By Levon Zekiyan
The Arsacids Dynasty
the decades that followed 60 b.c., Armenia became one of the cherished
targets of the hegemony of Romans and Parthians alike, who found support
from the pro-Romans and pro-Parthians within the local political setup.
A new political situation came about with the campaign of Corbulo, which
ended with the treaty of Rhandeia in 63 b.c. In future, Armenia was to
have its own king who would be appointed by the Parthians and at the same
time be a protege and ally of the Romans. Thus began the dynasty of the
in Armenia. They were the cadet branch of the dynasty ruling over Persia.
As a token of the alliance, the first representative of the Arsacids in
Armenia, Tiridates (Trdat) I, accepted to be crowned by Nero in Rome in
66. This was probably the occasion that was celebrated by the statue of
Tiridates that can be seen in the Louvre in Paris (a gold coin bearing
the head of Nero has recently been found in Armenia).
For a period of only two years, Armenia
became an effective Roman province, after Trajan annexed it in 114. But
his death and the revolt of the Jews in 117 rendered the plan to dominate
the Parthian kingdom ineffective, and Trajan's successor, Hadrian, preferred
to observe the treaty of Rhandeia.
224, the international political scene changed sharply, with the advent
of the Sassanids in Persia. Although the Armenian Arsacids had been able
to escape the extermination inflicted on their Parthian relatives, they
nevertheless found an inflexible adversary in the new ascendant power.
The Sassanids' plans for Armenia - political dominion and cultural-religious
assimilation - were only partly fulfilled, on the political side, with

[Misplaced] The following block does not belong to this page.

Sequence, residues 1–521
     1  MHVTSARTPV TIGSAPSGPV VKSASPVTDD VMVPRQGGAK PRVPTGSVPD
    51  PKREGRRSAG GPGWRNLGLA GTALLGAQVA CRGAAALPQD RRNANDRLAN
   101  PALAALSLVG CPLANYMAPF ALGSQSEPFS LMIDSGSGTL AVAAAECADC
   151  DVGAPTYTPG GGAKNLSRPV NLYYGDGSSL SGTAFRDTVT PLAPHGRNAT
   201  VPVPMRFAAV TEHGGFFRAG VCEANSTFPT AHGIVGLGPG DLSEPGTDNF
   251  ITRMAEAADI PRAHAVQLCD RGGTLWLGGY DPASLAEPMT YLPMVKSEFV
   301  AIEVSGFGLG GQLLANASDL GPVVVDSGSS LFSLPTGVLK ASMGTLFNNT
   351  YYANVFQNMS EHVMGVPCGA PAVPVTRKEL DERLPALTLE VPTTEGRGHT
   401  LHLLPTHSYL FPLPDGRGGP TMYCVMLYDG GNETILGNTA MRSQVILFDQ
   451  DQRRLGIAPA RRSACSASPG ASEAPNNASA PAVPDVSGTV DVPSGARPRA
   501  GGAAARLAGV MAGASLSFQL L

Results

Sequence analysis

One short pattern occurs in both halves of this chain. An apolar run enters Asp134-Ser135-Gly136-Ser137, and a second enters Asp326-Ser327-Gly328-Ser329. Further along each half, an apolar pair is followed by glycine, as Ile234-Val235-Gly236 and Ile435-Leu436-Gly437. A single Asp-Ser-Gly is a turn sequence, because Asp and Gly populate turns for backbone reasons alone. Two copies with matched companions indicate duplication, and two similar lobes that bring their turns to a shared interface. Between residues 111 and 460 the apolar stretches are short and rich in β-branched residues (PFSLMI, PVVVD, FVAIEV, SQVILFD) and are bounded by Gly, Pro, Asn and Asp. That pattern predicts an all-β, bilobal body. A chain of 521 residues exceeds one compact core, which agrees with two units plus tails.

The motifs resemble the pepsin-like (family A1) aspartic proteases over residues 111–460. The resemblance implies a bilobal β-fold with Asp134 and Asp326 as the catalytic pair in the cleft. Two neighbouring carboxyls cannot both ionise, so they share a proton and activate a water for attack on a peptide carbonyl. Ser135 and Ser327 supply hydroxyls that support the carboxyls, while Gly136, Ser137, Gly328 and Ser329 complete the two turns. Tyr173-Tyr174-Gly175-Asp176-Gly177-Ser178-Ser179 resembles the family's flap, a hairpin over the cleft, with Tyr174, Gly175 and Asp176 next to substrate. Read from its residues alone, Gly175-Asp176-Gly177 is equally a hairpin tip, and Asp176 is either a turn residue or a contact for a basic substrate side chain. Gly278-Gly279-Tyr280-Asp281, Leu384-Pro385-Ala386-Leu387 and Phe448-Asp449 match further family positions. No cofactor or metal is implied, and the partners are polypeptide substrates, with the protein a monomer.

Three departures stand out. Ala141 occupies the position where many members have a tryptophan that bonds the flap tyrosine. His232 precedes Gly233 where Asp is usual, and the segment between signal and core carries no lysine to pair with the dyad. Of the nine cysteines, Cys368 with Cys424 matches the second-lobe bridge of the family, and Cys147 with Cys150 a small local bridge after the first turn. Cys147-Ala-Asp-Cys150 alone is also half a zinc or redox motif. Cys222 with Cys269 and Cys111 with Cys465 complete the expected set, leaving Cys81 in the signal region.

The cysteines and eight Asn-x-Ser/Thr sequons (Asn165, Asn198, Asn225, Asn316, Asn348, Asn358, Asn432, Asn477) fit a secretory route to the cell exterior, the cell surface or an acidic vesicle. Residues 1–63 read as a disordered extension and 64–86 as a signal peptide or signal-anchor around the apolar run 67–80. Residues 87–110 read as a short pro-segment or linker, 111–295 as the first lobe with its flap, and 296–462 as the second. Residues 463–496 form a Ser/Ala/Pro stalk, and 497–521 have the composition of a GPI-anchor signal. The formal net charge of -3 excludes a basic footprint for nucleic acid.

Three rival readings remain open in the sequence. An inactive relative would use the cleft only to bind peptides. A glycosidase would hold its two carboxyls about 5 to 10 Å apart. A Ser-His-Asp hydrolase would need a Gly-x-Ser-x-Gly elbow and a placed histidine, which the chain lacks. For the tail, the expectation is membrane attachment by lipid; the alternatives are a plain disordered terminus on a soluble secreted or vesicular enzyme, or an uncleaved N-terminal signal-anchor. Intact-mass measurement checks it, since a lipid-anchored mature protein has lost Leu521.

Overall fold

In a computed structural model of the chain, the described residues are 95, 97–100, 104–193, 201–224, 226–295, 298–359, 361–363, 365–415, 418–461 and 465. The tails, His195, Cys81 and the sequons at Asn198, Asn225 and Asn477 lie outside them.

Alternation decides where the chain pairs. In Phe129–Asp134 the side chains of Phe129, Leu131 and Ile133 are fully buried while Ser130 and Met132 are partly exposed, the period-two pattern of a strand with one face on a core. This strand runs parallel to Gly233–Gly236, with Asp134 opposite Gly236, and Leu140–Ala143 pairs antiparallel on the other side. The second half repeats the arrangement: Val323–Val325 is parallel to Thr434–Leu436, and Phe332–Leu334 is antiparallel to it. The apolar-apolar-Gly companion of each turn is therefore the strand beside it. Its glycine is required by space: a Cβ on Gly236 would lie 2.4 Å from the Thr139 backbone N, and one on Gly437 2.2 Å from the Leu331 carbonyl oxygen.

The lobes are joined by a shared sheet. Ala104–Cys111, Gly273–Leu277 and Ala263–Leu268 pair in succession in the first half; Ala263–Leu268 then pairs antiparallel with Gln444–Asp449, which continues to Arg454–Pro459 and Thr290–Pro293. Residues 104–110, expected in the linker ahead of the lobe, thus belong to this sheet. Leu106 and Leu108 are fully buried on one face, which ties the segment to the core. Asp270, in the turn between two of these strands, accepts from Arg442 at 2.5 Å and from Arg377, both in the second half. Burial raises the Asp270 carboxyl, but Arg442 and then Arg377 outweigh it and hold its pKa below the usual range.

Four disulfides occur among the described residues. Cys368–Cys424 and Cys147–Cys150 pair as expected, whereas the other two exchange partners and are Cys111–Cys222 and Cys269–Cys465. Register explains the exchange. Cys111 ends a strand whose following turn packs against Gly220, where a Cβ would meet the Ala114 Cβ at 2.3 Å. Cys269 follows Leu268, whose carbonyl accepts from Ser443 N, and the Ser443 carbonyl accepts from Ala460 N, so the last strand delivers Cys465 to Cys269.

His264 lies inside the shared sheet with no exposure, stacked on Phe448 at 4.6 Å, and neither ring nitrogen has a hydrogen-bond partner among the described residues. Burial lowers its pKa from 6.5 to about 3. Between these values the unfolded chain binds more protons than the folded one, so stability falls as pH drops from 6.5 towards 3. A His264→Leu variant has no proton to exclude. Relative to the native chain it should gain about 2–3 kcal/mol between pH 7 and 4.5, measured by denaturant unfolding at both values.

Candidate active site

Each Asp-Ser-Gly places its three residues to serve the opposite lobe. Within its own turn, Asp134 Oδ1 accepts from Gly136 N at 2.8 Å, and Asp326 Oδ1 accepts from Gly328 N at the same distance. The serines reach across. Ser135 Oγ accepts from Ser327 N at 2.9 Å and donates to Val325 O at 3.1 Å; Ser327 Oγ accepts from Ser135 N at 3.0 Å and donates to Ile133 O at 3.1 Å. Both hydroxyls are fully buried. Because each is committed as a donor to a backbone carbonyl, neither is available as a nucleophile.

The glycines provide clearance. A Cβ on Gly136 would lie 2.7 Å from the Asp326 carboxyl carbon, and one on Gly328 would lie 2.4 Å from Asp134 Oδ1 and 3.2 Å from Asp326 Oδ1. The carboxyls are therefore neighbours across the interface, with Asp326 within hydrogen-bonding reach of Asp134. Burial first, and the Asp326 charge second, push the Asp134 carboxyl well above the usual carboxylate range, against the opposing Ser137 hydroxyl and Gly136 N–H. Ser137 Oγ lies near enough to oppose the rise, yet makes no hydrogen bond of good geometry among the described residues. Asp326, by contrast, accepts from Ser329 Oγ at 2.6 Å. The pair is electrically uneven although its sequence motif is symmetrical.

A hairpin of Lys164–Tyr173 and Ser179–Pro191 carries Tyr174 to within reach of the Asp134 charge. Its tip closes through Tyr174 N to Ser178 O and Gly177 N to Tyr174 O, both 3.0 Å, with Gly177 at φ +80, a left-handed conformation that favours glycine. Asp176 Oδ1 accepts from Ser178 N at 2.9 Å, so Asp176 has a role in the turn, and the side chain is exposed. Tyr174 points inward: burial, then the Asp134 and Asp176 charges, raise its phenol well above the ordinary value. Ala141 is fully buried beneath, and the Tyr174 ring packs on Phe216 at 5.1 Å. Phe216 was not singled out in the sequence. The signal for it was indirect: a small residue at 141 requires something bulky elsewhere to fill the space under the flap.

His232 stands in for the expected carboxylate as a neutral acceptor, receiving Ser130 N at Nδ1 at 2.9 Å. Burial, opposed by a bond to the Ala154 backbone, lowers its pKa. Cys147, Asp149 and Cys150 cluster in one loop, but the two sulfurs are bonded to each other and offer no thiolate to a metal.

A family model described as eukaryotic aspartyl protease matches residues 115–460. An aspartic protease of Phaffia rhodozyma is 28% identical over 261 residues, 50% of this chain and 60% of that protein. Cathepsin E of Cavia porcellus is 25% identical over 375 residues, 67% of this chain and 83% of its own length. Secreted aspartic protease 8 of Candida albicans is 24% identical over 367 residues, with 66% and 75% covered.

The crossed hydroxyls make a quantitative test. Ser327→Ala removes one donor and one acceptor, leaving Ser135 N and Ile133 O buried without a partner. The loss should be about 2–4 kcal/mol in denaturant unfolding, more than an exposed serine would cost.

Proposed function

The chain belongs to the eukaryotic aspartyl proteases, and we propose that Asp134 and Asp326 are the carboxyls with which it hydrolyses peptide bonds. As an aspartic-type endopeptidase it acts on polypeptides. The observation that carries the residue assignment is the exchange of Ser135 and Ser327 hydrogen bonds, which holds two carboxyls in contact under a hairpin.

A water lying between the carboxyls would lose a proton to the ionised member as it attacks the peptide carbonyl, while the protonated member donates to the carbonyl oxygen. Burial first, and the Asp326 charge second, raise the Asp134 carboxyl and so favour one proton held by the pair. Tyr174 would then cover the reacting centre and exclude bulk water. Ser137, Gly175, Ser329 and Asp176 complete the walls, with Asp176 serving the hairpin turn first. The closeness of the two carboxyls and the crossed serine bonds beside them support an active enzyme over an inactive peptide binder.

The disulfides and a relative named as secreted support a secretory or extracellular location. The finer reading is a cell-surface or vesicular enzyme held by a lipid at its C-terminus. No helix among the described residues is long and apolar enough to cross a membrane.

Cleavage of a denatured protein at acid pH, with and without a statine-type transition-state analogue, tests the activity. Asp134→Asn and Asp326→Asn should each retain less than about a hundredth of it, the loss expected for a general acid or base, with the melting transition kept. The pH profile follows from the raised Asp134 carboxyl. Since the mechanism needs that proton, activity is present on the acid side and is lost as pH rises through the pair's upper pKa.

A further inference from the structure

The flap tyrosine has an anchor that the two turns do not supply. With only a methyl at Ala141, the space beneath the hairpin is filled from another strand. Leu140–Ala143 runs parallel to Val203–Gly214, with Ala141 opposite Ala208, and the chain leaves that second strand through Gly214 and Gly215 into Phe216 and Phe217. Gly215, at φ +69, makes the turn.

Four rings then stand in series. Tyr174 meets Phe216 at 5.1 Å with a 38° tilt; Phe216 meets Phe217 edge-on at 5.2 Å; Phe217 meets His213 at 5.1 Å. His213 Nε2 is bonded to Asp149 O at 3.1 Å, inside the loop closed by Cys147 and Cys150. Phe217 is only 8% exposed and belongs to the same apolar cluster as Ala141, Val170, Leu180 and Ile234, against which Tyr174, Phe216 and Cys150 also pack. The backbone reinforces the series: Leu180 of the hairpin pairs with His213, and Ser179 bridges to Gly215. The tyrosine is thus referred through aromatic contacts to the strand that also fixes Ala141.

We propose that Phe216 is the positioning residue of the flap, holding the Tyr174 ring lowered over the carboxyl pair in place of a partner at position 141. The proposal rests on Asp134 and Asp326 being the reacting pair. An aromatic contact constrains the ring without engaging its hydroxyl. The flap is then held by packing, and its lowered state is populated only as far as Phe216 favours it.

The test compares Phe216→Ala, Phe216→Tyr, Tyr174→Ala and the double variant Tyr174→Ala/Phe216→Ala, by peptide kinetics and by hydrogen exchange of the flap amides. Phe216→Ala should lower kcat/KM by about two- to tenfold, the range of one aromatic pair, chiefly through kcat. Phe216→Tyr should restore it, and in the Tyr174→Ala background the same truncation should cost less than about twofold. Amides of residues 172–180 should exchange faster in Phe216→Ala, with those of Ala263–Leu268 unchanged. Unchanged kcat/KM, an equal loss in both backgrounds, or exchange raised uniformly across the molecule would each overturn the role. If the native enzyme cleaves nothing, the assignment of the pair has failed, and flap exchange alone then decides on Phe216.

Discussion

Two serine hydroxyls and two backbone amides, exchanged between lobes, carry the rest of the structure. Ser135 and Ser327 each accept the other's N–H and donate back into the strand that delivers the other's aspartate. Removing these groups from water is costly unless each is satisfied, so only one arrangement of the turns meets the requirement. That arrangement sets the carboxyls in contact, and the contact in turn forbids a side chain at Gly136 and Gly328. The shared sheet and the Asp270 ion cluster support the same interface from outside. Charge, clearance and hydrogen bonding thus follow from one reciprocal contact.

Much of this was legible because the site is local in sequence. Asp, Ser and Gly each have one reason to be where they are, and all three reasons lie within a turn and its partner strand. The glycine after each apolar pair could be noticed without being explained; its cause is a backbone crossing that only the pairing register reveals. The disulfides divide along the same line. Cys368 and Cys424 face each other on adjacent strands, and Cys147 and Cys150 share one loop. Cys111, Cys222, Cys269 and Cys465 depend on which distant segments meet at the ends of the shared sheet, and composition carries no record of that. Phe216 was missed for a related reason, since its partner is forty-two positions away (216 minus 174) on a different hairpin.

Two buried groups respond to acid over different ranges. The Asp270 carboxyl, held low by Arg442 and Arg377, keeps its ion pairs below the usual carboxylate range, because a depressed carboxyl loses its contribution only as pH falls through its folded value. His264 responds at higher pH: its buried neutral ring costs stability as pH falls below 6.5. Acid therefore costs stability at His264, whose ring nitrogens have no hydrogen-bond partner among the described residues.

the extinction of the Arsacid dynasty in 428. Tension ran particularly
high on account of Armenia's having been converted to Christianity during
the reign of Trdat III (287-330) by St. Grigor Lusavoritch (the
Illuminator). Military vicissitudes between the Roman Empire of the East
and the Sassanids made it inevitable that Armenia should be divided into
two, and this took place in 387, with a north-to-south demarcation line
that passed through the city of Karin or Theodosiopolis, present-day Erzerum.
Unfortunately, the part that remained to the west of the line, under Byzantine
hegemony, was subjected to cultural-religious pressure no less forceful
than that exerted by the Sassanids.
Indeed, given the religious community,
a not insignificant part of the Armenian population in those regions was
practically Hellenized. The eastern regions, on the other hand, having
remained under Persian control, were able to keep their etlinic-cultural
identity. Apart from the influence of religious and sociopolitical factors
in making this possible, another crucial factor was the invention of the
Armenian alphabet in 405 by vardapet Mesrop Mashtots, who was venerated
like a saint by the Armenian church. The western, regions, under the Byzantine
administration, were also partly affected by this.